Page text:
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DONNA HAMMER | TCB Snow, ice and impassible roads were an unusual sight for Tyler County, as well as the rest of the state last week.
Lawmakers set to hear ERCOT testimony
By Chris Edwards
In the aftermath of last week’s winter storms, although the ice and snow have melted and the temperatures have risen, most areas of Texas sustained damages as a result, and Tyler County is one of the counties eligible for federal disaster assistance.
President Joe Biden has approved a major disaster declaration for Texas on Saturday, Feb. 20, making most of the state eligible for federal relief funding. At press time, 108 of the state’s 254 counties were eligible. Initially, 77 were named as eligible for public assistance through the Federal Emergency Management Agency (FEMA), but on Monday, 31 further counties were added to the list.
The assistance includes grants for temporary housing and home repairs, low-cost loans to cover uninsured property losses, and other programs to help individuals and businesses recover from the disaster’s effects, according to a news release from the White House.
The request made by Gov. Greg Abbott on Feb. 13 for the presidential disaster declaration included all of Texas’s counties.
Abbott said on Monday that additional counties will continue to be re-requested and urged Texans who have suffered damage from the storm to fill out the Texas Division of Emergency Management’s (TDEM) Individual Assistance Reporting Tool, a form found on its website, located at tdem.texas.gov.
Completing the form will help state officials to identify damages across the state and help emergency management officials gain an understanding for reportage to FEMA.
All of the counties within the region were included on the list of FEMA-eligible counties, save for Newton, which Rep. James White said he had inquired to TDEM about, and added that Rep. Brian Babin is working with FEMA to get its status as FEMA-eligible.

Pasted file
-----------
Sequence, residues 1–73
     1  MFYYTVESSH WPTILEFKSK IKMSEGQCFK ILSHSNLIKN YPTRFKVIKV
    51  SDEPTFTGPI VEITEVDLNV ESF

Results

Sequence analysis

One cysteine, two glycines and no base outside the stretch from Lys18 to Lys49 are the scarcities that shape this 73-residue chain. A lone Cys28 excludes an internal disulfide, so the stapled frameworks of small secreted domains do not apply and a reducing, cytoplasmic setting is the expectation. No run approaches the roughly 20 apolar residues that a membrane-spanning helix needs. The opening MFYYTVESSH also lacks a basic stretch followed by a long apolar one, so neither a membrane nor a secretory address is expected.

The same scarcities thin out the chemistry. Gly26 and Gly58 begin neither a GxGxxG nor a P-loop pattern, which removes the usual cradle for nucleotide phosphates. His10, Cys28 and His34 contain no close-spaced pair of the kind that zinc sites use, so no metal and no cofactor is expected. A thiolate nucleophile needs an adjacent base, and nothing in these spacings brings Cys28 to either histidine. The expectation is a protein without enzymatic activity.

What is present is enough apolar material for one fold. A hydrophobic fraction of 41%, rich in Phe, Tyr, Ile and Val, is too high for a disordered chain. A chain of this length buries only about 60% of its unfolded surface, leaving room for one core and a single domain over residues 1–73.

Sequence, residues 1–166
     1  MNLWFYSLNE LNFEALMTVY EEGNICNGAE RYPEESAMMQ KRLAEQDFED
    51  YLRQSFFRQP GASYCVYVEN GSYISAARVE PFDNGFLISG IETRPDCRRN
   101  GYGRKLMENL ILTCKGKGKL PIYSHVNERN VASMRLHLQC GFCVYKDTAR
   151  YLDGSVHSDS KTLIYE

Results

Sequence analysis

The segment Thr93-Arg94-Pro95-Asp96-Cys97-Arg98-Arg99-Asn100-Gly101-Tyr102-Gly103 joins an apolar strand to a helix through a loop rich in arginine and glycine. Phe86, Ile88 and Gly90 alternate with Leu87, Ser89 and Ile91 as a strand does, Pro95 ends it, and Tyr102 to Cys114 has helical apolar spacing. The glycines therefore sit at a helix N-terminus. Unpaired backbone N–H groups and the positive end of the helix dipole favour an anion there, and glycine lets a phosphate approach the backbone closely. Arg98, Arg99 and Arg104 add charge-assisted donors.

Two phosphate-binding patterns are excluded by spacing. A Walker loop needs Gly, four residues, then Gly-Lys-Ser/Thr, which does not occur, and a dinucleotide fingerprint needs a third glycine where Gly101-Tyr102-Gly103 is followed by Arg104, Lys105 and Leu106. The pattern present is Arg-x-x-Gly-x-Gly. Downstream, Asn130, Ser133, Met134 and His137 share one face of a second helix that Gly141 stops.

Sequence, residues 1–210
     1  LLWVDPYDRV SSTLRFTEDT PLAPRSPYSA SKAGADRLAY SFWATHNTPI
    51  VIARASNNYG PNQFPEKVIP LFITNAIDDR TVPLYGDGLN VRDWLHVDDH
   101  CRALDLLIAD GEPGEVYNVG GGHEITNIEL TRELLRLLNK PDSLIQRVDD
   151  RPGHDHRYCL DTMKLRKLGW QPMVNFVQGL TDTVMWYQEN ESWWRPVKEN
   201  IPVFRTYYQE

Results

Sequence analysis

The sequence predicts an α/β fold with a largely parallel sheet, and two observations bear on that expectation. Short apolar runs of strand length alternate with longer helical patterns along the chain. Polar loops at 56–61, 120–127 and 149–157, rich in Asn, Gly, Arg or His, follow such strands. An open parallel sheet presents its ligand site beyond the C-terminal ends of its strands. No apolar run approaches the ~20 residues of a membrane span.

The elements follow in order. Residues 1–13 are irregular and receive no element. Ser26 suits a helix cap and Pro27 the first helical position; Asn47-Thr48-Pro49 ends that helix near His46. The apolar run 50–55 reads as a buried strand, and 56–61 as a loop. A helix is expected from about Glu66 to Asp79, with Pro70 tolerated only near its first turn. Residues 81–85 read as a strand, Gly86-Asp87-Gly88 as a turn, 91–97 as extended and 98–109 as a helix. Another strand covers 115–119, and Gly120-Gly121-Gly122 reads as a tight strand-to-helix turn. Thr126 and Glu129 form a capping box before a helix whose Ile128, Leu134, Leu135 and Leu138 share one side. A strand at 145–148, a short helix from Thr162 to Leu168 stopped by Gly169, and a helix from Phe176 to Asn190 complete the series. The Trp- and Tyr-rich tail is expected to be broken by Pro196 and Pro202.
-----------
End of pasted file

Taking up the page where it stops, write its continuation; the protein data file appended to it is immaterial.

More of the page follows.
“Congressman Babin and I will stay on top of this until we get the answer Newton County deserves,” White said.
Power outages were the primary utility concern for many Texans during the storm, but many also went without water. As of Friday, power had been restored to all Tyler County residents, but there were still around 1,200 residents without water, according to the county’s Emergency Management Office.
For some of the millions of Texans who were left without electricity, it was reported that some electric consumers received extremely high bills, which is something Abbott said he and other state leaders are working to find solutions for.
On Saturday, the Texas Tribune reported that Abbott held an emergency meeting with lawmakers to discuss the issue, and the Public Utility Commission met on Sunday to sign two orders: one for providers to put a temporary moratorium on disconnections for power or water customers for non-payment and another for companies to stop sending invoices or bill estimates to customers until, in the words of PUC chair DeAnn Walker “we work through issues of how we are going to financially manage the situation we are in.”
Abbott also has given the directive to power companies and lawmakers to winterize the state’s power infrastructure, something that was lacking to keep the various power sources online during the record-low temperatures.
White said he is committed to addressing the causes and implementing the solutions in order to prepare for such extreme weather events in the future, but not promoting agendas. During and after the storm, many public figures and lawmakers voiced opinions on the state’s infrastructure. Fox News’s commentator Tucker Carlson blamed the predicament on wind turbines, while former congressman Beto O’Rourke said that Abbott chose to ignore facts and science; that state Democrats in the House had been warning of a potential blackout for years.
Part of Abbott’s directive was for the legislature to investigate the Electric Reliability Council of Texas (ERCOT), which manages the flow of electric power to more than 26 million Texans, or about 90% of the state’s electric load.
White said he reached out to ERCOT and spoke with their legal counsel, as well as Bill Magness, the president and CEO of ERCOT. White said that although ERCOT requested two orders to provide a variance to generating entities to provide power generation above licensed levels (one to TCEQ and another to the federal Department of Energy) and neither order restricted, prohibited or eliminated electricity generation during the storm.
White said that ERCOT stated it was up to the owner of the power generation unit to take advantage of the increase variance, and that ERCOT should have a list of the generating units that utilized the TCEQ variance, the DoE variance or those that chose to do nothing.
“I look forward to listening to the committee testimony by ERCOT for consistency,” White said.
White and the rest of the state legislature are expected to hear testimony from ERCOT officials on Thursday in hearings in Austin.